"This is coming from a mother's perspective. I have been up and down, as if I'm on a roller coaster," she said. "But I know, beyond a shadow of a doubt, that justice will be served."
She said she was concerned when Zimmerman's legal team said Tuesday that they didn't know their client's whereabouts. "But we do have faith in the justice system that they will find him when it's time, or when they are ready to arrest him," she said.
The Sanford Police Department immediately came under fire for its handling of the investigation, as witnesses said detectives performed cursory interviews to support the set of facts they were accepting as true: that Zimmerman had committed a justifiable homicide.
The accounts from witnesses were mixed, although they largely agreed that they all assumed that a person they heard screaming for help was now dead. Zimmerman claimed those cries were his unanswered calls for help, and Sanford police believed him.
"I think this is unprecedented in Florida," said Derek Brett, a Central Florida attorney who represents one of the witnesses, whose name has not been made public. "I am not saying it's not nice for police and the State Attorney's Office to do their due diligence, but in 99.9 cases out of 100, there would have been an arrest. You have a dead body and a guy saying, 'I shot him.' That's your probable cause."
Sanford Police Chief Bill Lee said he did not make an arrest, because there was no probable cause to refute Zimmerman's story -- and Florida's controversial "Stand Your Ground" law made him immune from arrest.
The law eliminates a citizen's duty to retreat when faced with the reasonable fear of death or great bodily harm. The law says someone who starts a fight should exhaust all other means before resorting to deadly force.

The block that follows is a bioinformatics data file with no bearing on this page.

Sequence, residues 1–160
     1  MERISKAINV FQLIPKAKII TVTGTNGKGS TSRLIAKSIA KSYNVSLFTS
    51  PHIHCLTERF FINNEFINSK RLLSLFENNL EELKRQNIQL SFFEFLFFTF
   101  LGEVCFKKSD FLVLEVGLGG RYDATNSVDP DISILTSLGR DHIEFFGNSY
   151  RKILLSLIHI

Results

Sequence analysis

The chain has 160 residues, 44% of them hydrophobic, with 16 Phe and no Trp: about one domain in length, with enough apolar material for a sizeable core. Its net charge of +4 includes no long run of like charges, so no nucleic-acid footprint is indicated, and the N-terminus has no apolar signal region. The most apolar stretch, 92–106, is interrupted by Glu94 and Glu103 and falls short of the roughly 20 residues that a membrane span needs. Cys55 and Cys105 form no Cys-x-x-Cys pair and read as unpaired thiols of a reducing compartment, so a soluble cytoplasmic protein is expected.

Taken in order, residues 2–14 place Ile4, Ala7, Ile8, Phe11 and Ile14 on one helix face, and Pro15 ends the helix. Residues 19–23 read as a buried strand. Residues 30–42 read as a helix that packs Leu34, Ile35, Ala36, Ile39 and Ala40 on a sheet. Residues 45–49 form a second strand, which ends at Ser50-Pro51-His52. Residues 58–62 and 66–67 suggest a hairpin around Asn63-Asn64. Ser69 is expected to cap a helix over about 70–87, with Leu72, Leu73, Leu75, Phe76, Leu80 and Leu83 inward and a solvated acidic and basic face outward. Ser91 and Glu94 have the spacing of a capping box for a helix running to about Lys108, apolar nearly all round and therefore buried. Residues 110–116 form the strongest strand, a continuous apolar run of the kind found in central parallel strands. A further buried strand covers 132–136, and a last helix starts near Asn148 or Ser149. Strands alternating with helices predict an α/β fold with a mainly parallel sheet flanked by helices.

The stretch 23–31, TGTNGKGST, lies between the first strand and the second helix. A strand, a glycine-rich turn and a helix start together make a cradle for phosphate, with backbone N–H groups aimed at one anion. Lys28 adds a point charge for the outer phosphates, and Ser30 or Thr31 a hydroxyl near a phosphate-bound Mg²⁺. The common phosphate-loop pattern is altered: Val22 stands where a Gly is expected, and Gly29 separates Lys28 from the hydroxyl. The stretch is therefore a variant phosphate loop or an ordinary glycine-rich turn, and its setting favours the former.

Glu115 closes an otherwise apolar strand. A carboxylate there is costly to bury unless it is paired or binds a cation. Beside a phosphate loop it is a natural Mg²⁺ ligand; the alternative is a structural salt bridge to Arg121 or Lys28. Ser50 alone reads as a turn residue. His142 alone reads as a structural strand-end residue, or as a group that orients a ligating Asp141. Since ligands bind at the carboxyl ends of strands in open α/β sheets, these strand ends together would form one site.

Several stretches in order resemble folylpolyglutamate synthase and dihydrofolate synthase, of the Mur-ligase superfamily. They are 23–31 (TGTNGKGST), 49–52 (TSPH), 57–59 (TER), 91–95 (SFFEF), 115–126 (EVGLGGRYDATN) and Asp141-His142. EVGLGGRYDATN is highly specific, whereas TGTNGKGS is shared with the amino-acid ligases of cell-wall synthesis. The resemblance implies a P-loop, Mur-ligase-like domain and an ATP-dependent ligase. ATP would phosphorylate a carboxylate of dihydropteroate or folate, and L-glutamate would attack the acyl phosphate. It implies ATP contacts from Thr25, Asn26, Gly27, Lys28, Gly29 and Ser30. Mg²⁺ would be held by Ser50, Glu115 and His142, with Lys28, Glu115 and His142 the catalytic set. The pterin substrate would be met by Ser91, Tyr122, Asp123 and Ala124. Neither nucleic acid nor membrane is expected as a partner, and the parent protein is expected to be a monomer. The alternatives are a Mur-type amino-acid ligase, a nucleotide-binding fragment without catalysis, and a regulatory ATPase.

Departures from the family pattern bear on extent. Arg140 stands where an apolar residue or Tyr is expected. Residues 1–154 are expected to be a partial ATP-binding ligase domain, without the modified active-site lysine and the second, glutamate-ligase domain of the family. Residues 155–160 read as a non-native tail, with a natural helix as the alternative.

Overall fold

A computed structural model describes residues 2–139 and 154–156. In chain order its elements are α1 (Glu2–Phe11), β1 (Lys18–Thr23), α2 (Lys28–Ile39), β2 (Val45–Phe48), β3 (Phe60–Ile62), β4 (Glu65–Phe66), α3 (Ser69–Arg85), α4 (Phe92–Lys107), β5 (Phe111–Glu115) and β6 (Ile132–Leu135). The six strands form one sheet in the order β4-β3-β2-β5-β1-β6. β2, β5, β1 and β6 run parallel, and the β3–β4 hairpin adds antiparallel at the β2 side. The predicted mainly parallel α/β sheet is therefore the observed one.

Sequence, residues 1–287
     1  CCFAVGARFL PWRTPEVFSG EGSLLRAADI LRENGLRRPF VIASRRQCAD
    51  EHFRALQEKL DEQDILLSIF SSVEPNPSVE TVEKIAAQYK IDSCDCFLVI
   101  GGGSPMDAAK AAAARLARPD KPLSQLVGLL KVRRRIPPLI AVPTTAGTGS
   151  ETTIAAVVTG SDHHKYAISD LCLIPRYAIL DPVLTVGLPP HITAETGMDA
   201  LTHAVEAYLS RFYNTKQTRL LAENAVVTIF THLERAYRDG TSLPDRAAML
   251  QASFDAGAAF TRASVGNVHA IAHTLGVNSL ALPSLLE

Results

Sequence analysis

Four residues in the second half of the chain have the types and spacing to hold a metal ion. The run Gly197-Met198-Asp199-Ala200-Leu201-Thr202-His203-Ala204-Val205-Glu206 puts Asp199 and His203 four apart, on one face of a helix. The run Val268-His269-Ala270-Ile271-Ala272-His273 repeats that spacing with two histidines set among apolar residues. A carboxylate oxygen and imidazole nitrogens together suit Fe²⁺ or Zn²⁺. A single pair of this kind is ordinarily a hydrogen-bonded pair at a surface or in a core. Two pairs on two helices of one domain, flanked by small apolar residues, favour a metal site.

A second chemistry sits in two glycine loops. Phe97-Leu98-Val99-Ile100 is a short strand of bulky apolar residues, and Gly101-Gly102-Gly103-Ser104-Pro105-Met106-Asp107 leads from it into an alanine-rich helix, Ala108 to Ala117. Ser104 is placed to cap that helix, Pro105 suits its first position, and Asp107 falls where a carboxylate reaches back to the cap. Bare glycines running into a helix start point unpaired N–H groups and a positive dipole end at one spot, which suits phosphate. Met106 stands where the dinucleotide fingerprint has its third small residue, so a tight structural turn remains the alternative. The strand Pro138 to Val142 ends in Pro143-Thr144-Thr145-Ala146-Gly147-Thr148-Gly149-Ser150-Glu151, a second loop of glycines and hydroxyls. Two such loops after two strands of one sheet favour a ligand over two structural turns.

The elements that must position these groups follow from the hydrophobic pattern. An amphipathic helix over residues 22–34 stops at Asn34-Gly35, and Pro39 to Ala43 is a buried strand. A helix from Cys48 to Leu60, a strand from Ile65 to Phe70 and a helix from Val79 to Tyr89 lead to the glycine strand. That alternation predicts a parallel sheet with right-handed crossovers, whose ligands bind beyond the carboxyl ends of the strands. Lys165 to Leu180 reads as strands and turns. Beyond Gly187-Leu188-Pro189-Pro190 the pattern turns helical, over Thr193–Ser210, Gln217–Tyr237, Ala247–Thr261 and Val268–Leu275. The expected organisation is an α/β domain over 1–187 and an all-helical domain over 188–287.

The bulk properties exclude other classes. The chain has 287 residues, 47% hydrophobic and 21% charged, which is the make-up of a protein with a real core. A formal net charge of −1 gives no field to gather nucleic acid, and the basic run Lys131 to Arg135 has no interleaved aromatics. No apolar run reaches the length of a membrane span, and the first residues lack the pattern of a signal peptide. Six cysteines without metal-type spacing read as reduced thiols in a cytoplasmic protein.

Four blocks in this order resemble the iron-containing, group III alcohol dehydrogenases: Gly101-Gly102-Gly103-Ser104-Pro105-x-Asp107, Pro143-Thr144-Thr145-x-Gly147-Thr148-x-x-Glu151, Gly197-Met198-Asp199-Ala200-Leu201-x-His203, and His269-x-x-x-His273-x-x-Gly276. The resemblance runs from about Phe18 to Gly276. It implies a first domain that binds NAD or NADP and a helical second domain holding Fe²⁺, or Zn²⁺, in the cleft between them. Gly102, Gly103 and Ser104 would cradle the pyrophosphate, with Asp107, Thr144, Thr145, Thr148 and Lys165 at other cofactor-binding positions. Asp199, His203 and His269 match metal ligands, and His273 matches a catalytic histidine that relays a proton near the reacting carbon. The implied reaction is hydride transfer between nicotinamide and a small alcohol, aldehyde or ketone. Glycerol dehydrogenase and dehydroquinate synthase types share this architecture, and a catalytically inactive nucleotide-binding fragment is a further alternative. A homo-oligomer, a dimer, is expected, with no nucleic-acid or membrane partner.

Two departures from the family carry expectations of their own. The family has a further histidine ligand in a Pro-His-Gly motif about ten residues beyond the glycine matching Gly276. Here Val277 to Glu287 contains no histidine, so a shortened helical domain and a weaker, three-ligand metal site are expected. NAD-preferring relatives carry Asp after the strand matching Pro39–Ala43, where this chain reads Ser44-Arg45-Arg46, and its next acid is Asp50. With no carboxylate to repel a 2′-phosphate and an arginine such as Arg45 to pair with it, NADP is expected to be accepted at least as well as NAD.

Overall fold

The controversy that exploded after the shooting has put the future of the hotly debated law in doubt.
Lee's future is murky as well: After the Sanford city commission took a "no confidence" vote against the embattled chief, Lee took a paid leave of absence.
It was later revealed that the police senior investigator in the case had requested criminal charges be filed early on in the investigation, but the Brevard-Seminole County State Attorney held off pending further review.
The case was transferred to special prosecutor Corey, based in Jacksonville, and is now being investigated by the FBI, Florida Department of Law Enforcement and the Department of Justice Civil Rights division.
Corey opted against using a grand jury to decide whether to file charges.
Zimmerman's case was further complicated when the city of Sanford released surveillance video of him arriving at the police station. A professionally enhanced version shows a cut on his head, but the grainy video posted on the city's website showed Zimmerman had no trouble walking and did not have any blood on his clothes.
In television interviews last week, his former attorney, Hal Uhrig, stressed that a person can be killed even without bloodshed. He noted "shaken baby syndrome," and the death of actress Natasha Richardson, who died after a single blow to the head during a skiing accident.